Sports Physician Degree Programs and Colleges

Read on to learn more about what a sports physician does and what the educational requirements are to enter this field. Learn about the professional training required of sports physicians and certification options for this career. Schools offering Kinesiology & Sport Science degrees can also be found in these popular choices.

What You Need to Know

To work as a sports physician, you must hold a doctorate in general medicine or osteopathic medicine. To practice in your state, you will need to pass the corresponding exam pertaining to your degree to become licensed.

Degree Options Doctor of Medicine (M.D.), Doctor of Osteopathic Medicine (D.O.), Doctor of Philosophy (Ph.D.), Sports Medicine (SM) master's degree
Courses Osteopathic manual medicine, hematology, pharmacology, evidence-based medicine, preventative medicine, neuroanatomy, clinical reasoning, clinical assessment
Training Completion of a residency, typically lasting a minimum of 3 years, required to gain specialized skills in sport medicine

What Is a Sports Physician?

Sports physicians are medically trained doctors who focus on treating physical fitness or sports injuries and problems. Many sports physicians work for athletic teams, ranging from collegiate to professional, or for athletic medical centers that help patients with muscular-skeletal impairment.

What Are the Prerequisites to Becoming a Sports Physician?

You typically must complete a 4-year undergraduate program before applying to medical school. Your undergraduate education should include two academic years of organic chemistry and one year each of English, physics and biology. Meeting these requirements allows you to take the Medical College Admission Test (MCAT) in order to enroll in medical school.

What Professional Training Programs Will I Need?

After medical school, you must enroll in a residency program, in which you are given further hands-on training. There are two residency routes you can take for sports medicine: primary care or orthopedic surgery. Primary care covers a wide range of specialties, from family practice to internal medicine. A residency program in these two fields should take at least three years, according to the American Osteopathic Academy of Sports Medicine (www.aoasm.org).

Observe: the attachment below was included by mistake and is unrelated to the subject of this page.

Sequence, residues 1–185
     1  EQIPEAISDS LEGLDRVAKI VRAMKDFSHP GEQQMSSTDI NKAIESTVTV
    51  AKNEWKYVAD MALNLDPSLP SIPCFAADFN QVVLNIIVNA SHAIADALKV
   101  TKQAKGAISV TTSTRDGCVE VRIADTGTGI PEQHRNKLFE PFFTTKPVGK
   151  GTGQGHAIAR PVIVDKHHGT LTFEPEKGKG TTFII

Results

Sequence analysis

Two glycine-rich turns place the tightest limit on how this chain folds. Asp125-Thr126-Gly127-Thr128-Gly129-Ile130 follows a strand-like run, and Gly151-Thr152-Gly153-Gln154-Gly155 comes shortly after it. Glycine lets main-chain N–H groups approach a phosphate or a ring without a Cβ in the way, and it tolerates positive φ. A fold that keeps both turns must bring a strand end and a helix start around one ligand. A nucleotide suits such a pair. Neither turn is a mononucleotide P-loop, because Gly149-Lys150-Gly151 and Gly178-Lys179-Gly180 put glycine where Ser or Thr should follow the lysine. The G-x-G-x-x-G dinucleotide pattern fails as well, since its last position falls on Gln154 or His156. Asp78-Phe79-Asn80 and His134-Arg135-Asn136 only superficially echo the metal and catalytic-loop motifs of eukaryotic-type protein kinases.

Once the residency is complete, most doctors interested in sports medicine complete a fellowship. For orthopedics, fellowship opportunities are found through surgical sports medicine programs. These fellowships typically last two years.

Primary care physicians may complete a certification exam after their fellowships. The certification exams are provided by two organizations: the American Board of Medical Specialties (ABMS) or the American Osteopathic Association Bureau of Osteopathic Specialists (AOA). The ABMS provides board certification in sports medicine under the primary care specialty (www.abms.org). The AOA has similar prerequisites as the ABMS but provides board certification for D.O.s. (www.osteopathic.org).

Are Online Programs Available?

Although some medical schools offer certain courses online, aspiring physicians can earn neither an M.D. nor a D.O. degree completely online. This is due to the hands-on training and nature of a medical school. You might find sports physician degree programs at the following schools:

  • Rice University (Houston, TX)
  • University of Virginia (Charlottesville)
  • University of North Carolina at Chapel Hill
  • Pennsylvania State College (University Park)
  • University of Pittsburgh (PA)

What Will I Learn in Medical School?

Medical school takes four years to complete. The first two years are spent taking lecture courses. The next two years might include supervised work in hospitals or medical centers, helping patients with medications, therapy and medical diagnostics and learning how to treat patients in person. After completing medical school, D.O.s must pass the Comprehensive Osteopathic Medical Licensing Examination and M.D.s must pass the U.S. Medical Licensing Examination to become licensed to practice. Here are some of the courses you might be covering in your degree program:

  • Anatomy
  • Physiology
  • Ethics
  • Psychology
  • Pharmacology

To continue researching, browse degree options below for course curriculum, prerequisites and financial aid information. Or, learn more about the subject by reading the related articles below:

  • 1. Degree Options:
The schools in the listing below are not free and may include sponsored content but are popular choices among our users. Tuition and costs will vary across programs and locations. Be sure to always request tuition information before starting a program.

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